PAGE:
Cell/Camera Phone Management
The Reality <ul><li>The reality of the situation is that many students are already in possession of  Camera Phones . </li>...
The Reality <ul><li>Current phone policies are becoming increasingly unenforceable. </li></ul><ul><li>Teachers and adminis...
Generation Gap <ul><li>Today’s students have grown up in a world where technology is always at their finger tips. </li></u...
Viewed as a Tool <ul><li>Today’s phones are equipped with calculators, still picture/video capability, dictionaries, spell...
Potential Problems <ul><li>Unfortunately, with new tools we can expect new problems. </li></ul><ul><li>Phones can be huge ...
The Solution <ul><li>Fortunately, a manageable cell/camera phone policy is possible . </li></ul><ul><li>All you need to do...
Example Policy <ul><li>Cell/Camera Phone Policy </li></ul><ul><li>1. Cell/Camera phones should be turned off and placed in...
Example Consequences <ul><li>Try playing the  Good Behavior Game  by giving out points to students who don’t break the pol...
Conclusion <ul><li>By using common sense, sound practices, and a little creativity, integrating cell/camera phones into th...
Resources <ul><li>Cell Phones in the Classroom. Retrieved April 20th, 2008, from  http://teachingtoday.glencoe.com/howtoar...
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Camera Phone Management

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Camera Phone Management

  1. 1. Cell/Camera Phone Management
  2. 2. The Reality <ul><li>The reality of the situation is that many students are already in possession of Camera Phones . </li></ul><ul><li>Also, despite all our rules and efforts, these phones are in our schools. </li></ul>
  3. 3. The Reality <ul><li>Current phone policies are becoming increasingly unenforceable. </li></ul><ul><li>Teachers and administrators have better things to do than to constantly be on the lookout for cell/camera phones (Delisio, 2006, p. 1). </li></ul>
  4. 4. Generation Gap <ul><li>Today’s students have grown up in a world where technology is always at their finger tips. </li></ul><ul><li>From our students’ point of view, cell/camera phones are integral part of their daily life, and they have a valid place in their schools . </li></ul>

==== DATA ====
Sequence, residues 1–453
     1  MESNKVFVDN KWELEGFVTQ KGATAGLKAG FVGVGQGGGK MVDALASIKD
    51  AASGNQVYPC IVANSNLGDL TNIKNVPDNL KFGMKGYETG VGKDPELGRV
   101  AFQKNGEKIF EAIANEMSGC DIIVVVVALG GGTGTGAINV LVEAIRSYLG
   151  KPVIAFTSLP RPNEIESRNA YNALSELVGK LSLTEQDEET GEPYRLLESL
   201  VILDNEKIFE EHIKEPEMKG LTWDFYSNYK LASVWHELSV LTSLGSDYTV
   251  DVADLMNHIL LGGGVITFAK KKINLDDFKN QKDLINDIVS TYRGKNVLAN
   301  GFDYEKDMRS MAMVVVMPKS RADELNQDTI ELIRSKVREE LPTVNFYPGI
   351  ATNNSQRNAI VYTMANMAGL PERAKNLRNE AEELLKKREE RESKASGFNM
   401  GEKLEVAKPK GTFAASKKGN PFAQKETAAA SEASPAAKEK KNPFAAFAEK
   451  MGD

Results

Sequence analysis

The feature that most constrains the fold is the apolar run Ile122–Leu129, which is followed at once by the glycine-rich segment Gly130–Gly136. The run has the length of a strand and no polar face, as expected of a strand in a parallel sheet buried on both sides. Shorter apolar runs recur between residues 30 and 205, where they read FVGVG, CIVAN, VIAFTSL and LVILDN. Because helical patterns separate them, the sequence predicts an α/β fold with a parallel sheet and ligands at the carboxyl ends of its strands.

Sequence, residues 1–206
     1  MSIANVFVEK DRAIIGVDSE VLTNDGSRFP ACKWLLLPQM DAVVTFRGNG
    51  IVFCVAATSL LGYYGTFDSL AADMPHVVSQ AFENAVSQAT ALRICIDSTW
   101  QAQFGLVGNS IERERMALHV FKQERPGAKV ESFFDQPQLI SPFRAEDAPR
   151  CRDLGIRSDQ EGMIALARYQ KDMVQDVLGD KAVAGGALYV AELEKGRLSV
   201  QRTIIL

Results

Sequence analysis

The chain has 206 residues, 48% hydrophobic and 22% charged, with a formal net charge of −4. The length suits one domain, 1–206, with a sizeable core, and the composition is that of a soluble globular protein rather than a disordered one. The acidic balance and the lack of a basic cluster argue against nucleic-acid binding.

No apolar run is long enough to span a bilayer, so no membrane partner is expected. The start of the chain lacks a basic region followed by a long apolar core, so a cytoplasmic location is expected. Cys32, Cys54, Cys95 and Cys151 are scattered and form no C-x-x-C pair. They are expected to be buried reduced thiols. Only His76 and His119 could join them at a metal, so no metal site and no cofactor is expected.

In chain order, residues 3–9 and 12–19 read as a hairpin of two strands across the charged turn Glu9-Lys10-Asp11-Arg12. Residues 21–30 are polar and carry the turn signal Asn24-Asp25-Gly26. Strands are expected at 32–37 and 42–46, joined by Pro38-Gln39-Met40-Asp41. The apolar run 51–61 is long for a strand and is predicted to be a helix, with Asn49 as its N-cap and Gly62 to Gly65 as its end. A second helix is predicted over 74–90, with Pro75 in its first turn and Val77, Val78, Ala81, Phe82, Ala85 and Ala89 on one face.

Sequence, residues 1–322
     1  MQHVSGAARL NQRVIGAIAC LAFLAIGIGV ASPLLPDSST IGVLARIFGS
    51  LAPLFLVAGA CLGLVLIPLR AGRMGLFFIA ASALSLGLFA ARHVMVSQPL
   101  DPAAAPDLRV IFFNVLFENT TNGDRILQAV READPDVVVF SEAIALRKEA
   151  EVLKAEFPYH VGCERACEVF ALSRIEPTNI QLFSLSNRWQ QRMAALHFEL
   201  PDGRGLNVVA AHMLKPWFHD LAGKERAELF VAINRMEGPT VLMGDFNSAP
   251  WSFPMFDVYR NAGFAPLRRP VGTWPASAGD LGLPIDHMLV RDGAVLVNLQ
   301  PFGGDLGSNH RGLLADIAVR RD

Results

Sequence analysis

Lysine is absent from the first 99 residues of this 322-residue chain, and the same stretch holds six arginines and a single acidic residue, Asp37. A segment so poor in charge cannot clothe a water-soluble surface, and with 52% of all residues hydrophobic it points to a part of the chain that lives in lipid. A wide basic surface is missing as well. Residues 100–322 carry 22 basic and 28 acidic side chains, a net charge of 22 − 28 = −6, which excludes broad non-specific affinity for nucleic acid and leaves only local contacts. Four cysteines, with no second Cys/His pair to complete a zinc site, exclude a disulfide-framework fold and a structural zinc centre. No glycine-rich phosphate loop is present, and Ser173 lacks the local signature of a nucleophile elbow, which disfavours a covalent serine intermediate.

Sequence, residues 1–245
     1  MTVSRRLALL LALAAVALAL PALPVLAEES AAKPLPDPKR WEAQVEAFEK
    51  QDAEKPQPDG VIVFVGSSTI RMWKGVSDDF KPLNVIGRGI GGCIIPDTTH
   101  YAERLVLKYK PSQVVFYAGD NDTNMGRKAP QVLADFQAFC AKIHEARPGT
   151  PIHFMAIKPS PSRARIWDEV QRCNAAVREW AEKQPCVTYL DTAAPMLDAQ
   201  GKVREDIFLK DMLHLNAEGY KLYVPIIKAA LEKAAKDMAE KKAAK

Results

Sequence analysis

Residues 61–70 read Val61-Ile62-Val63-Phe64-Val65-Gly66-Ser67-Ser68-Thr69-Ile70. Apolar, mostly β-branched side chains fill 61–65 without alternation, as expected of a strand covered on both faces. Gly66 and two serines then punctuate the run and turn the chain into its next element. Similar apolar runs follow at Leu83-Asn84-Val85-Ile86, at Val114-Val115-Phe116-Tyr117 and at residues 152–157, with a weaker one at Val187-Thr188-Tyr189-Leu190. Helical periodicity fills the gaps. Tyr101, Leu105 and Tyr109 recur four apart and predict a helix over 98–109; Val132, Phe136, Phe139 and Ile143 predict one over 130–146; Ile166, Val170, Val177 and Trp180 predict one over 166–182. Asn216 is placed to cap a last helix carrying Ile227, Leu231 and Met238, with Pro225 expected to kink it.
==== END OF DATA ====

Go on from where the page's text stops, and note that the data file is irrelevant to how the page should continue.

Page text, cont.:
5. 5. Viewed as a Tool <ul><li>Today’s phones are equipped with calculators, still picture/video capability, dictionaries, spell check, video games and internet access (Phones in Schools, n.d., p. 1). </li></ul><ul><li>It’s time teacher started to view these phones as potential learning tools. </li></ul>
  6. 6. Potential Problems <ul><li>Unfortunately, with new tools we can expect new problems. </li></ul><ul><li>Phones can be huge distractions. </li></ul><ul><li>Students my use them to avoid work (Delisio, 2006, p. 4). </li></ul><ul><li>Even worse, some may use them to bully their classmates through text messaging . </li></ul><ul><li>With camera/video capability, there are also privacy issues. Photos and videos of you or your students could end up on the internet (Cell Phones in the Classroom, n.d., p. 1). </li></ul>
  7. 7. The Solution <ul><li>Fortunately, a manageable cell/camera phone policy is possible . </li></ul><ul><li>All you need to do is use common sense and sound classroom management strategies. </li></ul>
  8. 8. Example Policy <ul><li>Cell/Camera Phone Policy </li></ul><ul><li>1. Cell/Camera phones should be turned off and placed in desk phone pockets at all times, unless given permission or instructions to do otherwise. </li></ul><ul><li>2. Please refrain from texting or talking to friends, playing games, viewing photos, or viewing the internet on your phone when you are directed to use it for another classroom activity. </li></ul><ul><li>3. Please respect each others privacy. Taking photos and/or videos of others without their knowledge will not be tolerated. </li></ul><ul><li>4. Be kind and respectful when using your phones to communicate with your classmates and the faculty </li></ul>
  9. 9. Example Consequences <ul><li>Try playing the Good Behavior Game by giving out points to students who don’t break the policy. </li></ul><ul><li>Use soft, calm reprimands. </li></ul><ul><li>Assign phone time-outs . Thus keeping the student from using the phone their breaking the rules with (Woolfolk, 2007, p. 212-222). </li></ul>
  10. 10. Conclusion <ul><li>By using common sense, sound practices, and a little creativity, integrating cell/camera phones into the classroom is possible! </li></ul>
  11. 11. Resources <ul><li>Cell Phones in the Classroom. Retrieved April 20th, 2008, from http://teachingtoday.glencoe.com/howtoarticles/cell-phones-in-the-classroom </li></ul><ul><li>Delisio, E.R. (2006). Crafting A Workable Cell Phone Policy: In Front of the Class. Retrieved April 20th, 2008, from http://www.nea.org/classmanagement/ifc060711.html </li></ul><ul><li>Woolfolk, A. (2007). Educational Psychology (10th Ed.). New York: Pearson. </li></ul>

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